sat 11/07/2020

Message in a Bottle, Peacock Theatre review - a hiphop singalong | reviews, news & interviews

Message in a Bottle, Peacock Theatre review - a hiphop singalong

Message in a Bottle, Peacock Theatre review - a hiphop singalong

A show that brings streetdance and the songs of Sting to bear on the refugee crisis is far too jolly

Walking on the Moon: Natasha Gooden is raised aloft in Kate Prince's 'Message in a Bottle' set to the songs of Stingphoto: Helen Maybanks

It’s hard enough to imagine hip hop set to the songs of Sting, but a hip hop show in which 27 songs by Sting laid end to end are made to tell a story about refugees? That’s the unlikely latest offering from the choreographer Kate Prince.

She has form in this area. Into the Hoods introduced hip hop to Sondheim and Some Like it Hip Hop filched a plot from Shakespeare. Both were bright, funky, funny shows and it was easy to see why the mashup worked. Now she has wrangled streetdance and a string of jukebox hits into what is without doubt the most desperate story of our age, and frankly, it’s a stretch.The members of ZooNation in 'Message in a Bottle'The plight of the world’s dispossessed is not a common topic for pop lyrics, not even Sting’s. There are three, maybe four songs among this selection which are obviously fit for purpose. What Kate Prince has done is to seize on any ambiguity in the other two dozen and turn them to new ends, tracing the divergent paths of three siblings forced to flee a war and endure a series of perils, not least the misery of searching a brothel for a trafficked wife to the strains of “Roxanne”. You have to give credit for ingeniousness. Apparently the singer gave Prince carte blanche to use his songs in whatever way she wished.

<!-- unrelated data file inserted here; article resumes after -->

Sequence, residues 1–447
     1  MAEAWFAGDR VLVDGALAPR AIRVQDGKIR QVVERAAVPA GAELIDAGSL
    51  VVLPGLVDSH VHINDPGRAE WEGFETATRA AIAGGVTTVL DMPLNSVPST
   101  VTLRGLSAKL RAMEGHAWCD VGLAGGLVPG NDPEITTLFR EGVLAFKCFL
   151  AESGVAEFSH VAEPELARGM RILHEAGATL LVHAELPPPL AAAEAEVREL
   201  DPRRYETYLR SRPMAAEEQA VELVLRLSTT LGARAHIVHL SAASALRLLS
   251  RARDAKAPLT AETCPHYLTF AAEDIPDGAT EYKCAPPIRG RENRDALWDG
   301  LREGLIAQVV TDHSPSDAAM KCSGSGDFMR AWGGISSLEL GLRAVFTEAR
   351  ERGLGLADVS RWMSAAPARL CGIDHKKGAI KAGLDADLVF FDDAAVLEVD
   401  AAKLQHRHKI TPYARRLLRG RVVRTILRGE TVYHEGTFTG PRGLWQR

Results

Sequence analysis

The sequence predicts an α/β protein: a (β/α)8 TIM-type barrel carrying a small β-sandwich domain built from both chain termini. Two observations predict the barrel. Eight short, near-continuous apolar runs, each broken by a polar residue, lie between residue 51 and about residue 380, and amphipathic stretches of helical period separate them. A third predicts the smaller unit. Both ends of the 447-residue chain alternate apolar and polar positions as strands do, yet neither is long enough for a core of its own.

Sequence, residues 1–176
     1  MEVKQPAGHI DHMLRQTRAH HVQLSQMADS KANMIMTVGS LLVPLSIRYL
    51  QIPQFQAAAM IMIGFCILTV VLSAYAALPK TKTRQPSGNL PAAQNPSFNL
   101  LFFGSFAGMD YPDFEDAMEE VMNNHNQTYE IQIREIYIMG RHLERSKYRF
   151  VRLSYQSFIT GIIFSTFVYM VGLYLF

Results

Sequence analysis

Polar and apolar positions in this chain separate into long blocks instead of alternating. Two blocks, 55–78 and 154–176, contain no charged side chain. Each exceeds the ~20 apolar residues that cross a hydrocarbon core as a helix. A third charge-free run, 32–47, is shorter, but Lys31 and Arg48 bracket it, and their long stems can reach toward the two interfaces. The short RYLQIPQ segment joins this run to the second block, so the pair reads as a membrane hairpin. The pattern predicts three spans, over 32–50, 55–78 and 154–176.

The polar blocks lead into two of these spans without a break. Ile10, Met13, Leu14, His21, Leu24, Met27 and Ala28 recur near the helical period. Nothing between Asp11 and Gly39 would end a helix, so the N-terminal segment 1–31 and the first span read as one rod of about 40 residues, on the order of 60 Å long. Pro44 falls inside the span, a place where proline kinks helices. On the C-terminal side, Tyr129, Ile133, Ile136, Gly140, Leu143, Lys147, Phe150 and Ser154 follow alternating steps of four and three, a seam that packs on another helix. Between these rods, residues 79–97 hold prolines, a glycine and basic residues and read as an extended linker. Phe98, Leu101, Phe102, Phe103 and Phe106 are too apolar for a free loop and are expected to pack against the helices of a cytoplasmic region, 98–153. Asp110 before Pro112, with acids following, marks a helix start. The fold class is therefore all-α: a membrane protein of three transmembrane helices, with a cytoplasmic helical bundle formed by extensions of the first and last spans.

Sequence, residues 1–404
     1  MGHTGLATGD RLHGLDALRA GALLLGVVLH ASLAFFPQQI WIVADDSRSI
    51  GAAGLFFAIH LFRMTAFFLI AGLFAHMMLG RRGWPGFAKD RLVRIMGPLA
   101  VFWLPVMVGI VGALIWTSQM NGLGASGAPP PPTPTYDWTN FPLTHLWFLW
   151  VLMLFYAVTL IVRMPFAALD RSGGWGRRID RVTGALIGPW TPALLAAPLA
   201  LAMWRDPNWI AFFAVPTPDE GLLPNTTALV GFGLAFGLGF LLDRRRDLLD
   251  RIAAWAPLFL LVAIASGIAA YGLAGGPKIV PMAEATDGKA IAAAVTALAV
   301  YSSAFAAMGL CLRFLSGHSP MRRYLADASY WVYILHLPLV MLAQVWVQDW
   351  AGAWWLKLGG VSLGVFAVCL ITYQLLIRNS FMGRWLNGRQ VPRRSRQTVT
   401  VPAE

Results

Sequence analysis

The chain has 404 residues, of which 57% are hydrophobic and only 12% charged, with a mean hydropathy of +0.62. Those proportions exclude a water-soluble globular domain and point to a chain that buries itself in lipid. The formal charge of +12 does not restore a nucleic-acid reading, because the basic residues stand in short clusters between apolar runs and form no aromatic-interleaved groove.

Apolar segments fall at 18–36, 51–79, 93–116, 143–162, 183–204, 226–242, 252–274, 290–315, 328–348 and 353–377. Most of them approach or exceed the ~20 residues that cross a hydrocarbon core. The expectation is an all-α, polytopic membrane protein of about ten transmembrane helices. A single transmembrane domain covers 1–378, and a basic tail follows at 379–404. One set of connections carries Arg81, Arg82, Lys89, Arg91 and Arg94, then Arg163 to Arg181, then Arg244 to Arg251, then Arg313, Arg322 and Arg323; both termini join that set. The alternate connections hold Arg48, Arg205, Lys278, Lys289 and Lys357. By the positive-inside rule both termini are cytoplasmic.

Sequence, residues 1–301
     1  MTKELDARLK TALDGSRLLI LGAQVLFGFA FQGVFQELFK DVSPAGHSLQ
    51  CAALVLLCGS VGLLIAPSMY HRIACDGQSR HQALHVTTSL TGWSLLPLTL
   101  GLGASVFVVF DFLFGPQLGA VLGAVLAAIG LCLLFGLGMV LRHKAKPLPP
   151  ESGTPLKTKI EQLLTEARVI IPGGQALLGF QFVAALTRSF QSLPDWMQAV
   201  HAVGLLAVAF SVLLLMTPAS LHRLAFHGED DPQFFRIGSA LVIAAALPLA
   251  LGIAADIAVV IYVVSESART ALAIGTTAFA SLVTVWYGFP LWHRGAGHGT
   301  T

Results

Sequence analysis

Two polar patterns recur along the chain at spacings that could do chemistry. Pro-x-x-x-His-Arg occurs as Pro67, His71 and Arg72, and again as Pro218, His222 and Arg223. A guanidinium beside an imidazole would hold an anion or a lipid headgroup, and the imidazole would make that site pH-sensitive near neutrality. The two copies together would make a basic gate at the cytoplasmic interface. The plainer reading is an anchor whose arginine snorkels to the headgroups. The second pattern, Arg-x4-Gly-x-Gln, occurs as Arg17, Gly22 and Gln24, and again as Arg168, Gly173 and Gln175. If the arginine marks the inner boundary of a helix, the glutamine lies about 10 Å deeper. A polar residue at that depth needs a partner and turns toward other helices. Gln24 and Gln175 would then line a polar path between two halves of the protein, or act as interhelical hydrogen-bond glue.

“Fields of Gold” becomes a memory of happier times, “Shape of My Heart” a duet between new lovers Tommy Franzen and Samuel Baxter. “Every Breath You Take” is set in a detainment centre with guards doing the watching. The versatility of Sting’s songs is impressive, but finding the appropriate mood within the buoyant physical vocabulary of hip hop seems to have been more of a challenge. Which is not to say that the stage isn’t almost permanently filled with the most exciting body pops and spins and power poses. This is life-enhancing stuff, nicely put together.

Like the blues, hip hop is an art form born out of poverty, and the potential for darker nuance is there. It was exploited to memorable effect only last year in Kenrick Sandy's Redd, a piece about depression. Kate Prince, however, seems set on making entertainment, and the more perilous twists in her refugee narrative are only narrowly saved from glibness by the furious commitment of her dancers, who pop and lock and spin as if their own lives were at stake. Ultimately you have to love these songs – some of them specially re-recorded by Sting, some given new vocals by Beverley Knight and others  – to love this show. But then, millions do, so Message in a Bottle may go on delivering for years. 

The plight of the world’s dispossessed is not a common topic of pop lyrics, not even Sting’s

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Editor Rating: 
3
Average: 3 (1 vote)

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Just a point of correction: The choreographer's name is Kenrick Sandy not Sandrick Kendry

Thankyou Pauline for picking up my unintended Spoonerism. The name is so familiar to me that I didn't think to check it, as I clearly should have done.

I should add my apology to Mr Sandy himself.

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